Online Model-based Diagnosis for Multiple, Intermittent and Interaction Faults
This paper extends model-Based diagnosis (MBD) (Reiter, 1987; de Kleer and Williams, 1987) to systems which convert, move and process materials or objects. Examples of such systems are printers, refineries, manufacturing lines and food processing plants. Such plants present two challenges to model-based diagnosis: (1) the plant may process with very high speed while handling multiple objects in parallel such that retaining full details of behavior of all past objects is impractical, and (2) complex multi-way interactions can occur among components operating on the same object. We address the first challenge by synopsizing past behavior and the current knowledge in a data structure of linear size in the number of components in the system. The second challenge is addressed by introducing the notion of interaction fault. An interaction fault is present if a set of components operating on the same object, damage the object even though each component alone produces non noticeable damage. Introducing interaction faults is much simpler than introducing fine-grained models of component-object interactions. We demonstrate the approach on a highly redundant printer
How to Cite
artificial intelligence, diagnosis, diagnostic algorithm, diagnostic performance, fault adaptive controls, fault detection, fault diagnosis, Fault tolerant control, model based diagnostics, model-based methods
(Darwiche, 2001) Adnan Darwiche. Decomposable negation normal form. Journal of the ACM, 48(4):608–647, 2001.
(Davis, 1984) R. Davis. Diagnostic reasoning based on structure and behavior. Artificial Intelligence, 24(1):347–410, 1984.
(de Kleer and Williams, 1987) J. de Kleer and B. C. Williams. Diagnosing multiple faults. aij, 32(1):97–130, April 1987. Also in: Readings in NonMonotonic Reasoning, edited by Matthew L. Ginsberg, (Morgan Kaufmann, 1987), 280–297.
(deKleeretal.,1992) J.deKleer,A.Mackworth,and R. Reiter. Characterizing diagnoses and systems. Artificial Intelligence, 56(2-3):197–222, 1992.
(de Kleer, 2007a) J. de Kleer. Diagnosing intermit- tent faults. In 18th International Workshop on Prin- ciples of Diagnosis, pages 45–51, Nashville, USA, 2007.
(de Kleer, 2007b) J. de Kleer. Modeling when con- nections are the problem. In Proc 20th IJCAI, pages 311–317, Hyderabad, India, 2007.
(Dvorak and Kuipers, 1989) D. Dvorak and B. Kuipers. Model-based monitoring of dy- namic systems. In Proc. 11th IJCAI, pages 1238–1243, Detroit, 1989.
(Eiter and Gottlob, 1995) Thomas Eiter and Georg Gottlob. The complexity of logic-based abduction. J. ACM, 42(1):3–42, 1995.
(Fromherz et al., 2003) M.P.J. Fromherz, D.G. Bo- brow, and J. de Kleer. Model-based computing for design and control of reconfigurable systems. The AI Magazine, 24(4):120–130, 2003.
(Grastien et al., 2007) Alban Grastien, Anbulagan, Jussi Rintanen, and Elena Kelareva. Diagnosis of discrete-event systems using satisfiability algo- rithms. In AAAI, pages 305–310, 2007.
(Koren and Kohavi, 1977) Israel Koren and Zvi Ko- havi. Diagnosis of intermittent faults in com- binational networks. IEEE Trans. Computers, 26(11):1154–1158, 1977.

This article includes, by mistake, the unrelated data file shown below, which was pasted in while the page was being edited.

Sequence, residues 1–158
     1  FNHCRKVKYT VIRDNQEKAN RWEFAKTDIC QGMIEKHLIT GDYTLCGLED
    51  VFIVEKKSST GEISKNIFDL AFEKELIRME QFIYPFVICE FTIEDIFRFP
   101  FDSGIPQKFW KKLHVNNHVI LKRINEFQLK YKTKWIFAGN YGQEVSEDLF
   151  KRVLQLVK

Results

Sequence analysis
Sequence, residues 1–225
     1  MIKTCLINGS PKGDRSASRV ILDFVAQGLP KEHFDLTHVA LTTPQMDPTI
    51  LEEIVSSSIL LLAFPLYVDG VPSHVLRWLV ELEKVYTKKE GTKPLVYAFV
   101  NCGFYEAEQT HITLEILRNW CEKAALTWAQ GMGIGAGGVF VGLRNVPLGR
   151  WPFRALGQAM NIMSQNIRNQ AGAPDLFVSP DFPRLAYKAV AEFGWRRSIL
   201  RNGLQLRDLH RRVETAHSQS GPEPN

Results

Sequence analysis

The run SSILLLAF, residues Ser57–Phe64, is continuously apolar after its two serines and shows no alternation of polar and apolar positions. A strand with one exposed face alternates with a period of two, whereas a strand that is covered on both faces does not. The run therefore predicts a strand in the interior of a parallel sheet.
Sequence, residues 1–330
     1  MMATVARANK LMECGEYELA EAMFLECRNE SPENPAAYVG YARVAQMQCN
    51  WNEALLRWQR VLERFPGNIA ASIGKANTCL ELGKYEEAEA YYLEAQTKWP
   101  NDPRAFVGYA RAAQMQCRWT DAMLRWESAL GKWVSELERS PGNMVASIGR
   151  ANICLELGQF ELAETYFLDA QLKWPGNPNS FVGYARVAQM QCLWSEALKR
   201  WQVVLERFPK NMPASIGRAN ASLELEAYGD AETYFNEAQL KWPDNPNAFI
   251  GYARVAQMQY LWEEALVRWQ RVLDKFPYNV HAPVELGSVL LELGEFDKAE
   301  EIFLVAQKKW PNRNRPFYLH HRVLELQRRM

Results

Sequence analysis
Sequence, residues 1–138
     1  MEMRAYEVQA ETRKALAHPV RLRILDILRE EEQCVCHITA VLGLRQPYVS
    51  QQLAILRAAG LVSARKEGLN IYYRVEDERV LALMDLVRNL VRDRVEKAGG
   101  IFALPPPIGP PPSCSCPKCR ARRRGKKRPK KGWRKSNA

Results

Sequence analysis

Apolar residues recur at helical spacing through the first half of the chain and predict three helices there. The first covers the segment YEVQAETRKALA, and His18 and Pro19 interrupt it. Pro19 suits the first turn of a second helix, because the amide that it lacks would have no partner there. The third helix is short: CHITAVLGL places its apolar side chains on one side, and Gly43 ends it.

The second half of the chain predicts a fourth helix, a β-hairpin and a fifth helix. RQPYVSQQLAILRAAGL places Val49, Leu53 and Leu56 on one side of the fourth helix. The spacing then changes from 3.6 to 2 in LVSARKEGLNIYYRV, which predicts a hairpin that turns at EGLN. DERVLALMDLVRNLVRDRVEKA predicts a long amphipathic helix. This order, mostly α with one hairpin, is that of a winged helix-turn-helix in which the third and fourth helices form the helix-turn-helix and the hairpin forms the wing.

(Kuhn et al., 2008) Lukas Kuhn, Bob Price, Johan de Kleer, Minh Do, and Rong Zhou. Pervasive diagno- sis: Integration of active diagnosis into production plans. In proceedings of AAAI, Chicago, Illinois, USA, 2008.
(Muscettola et al., 1998) Nicola Muscettola, P. Pan- durang Nayak, Barney Pell, and Brian C. Williams. Remote agent: To boldly go where no AI system has gone before. Artificial Intelligence, 103(1-2):5–47, 1998.
(Reiter, 1987) R. Reiter. A theory of diagnosis from first principles. Artificial Intelligence, 32(1):57–96, 1987.
(Shearer et al., 1971) J. L. Shearer, A. T. Murphy, and H. H. Richardson. Introduction to System Dynam- ics. Addison Wesley, Reading, MA, 1971.
(Williams and Nayak, 1996) B. C. Williams and P. P. Nayak. A model-based approach to reactive self- configuring systems. In Proceedings of the National Conference on Artificial Intelligence (AAAI96), pages 971–978, 1996.
This work is licensed under a Creative Commons Attribution 3.0 Unported License.
The Prognostic and Health Management Society advocates open-access to scientific data and uses a Creative Commons license for publishing and distributing any papers. A Creative Commons license does not relinquish the author’s copyright; rather it allows them to share some of their rights with any member of the public under certain conditions whilst enjoying full legal protection. By submitting an article to the International Conference of the Prognostics and Health Management Society, the authors agree to be bound by the associated terms and conditions including the following:
As the author, you retain the copyright to your Work. By submitting your Work, you are granting anybody the right to copy, distribute and transmit your Work and to adapt your Work with proper attribution under the terms of the Creative Commons Attribution 3.0 United States license. You assign rights to the Prognostics and Health Management Society to publish and disseminate your Work through electronic and print media if it is accepted for publication. A license note citing the Creative Commons Attribution 3.0 United States License as shown below needs to be placed in the footnote on the first page of the article.
First Author et al. This is an open-access article distributed under the terms of the Creative Commons Attribution 3.0 United States License, which permits unrestricted use, distribution, and reproduction in any medium, provided the original author and source are credited.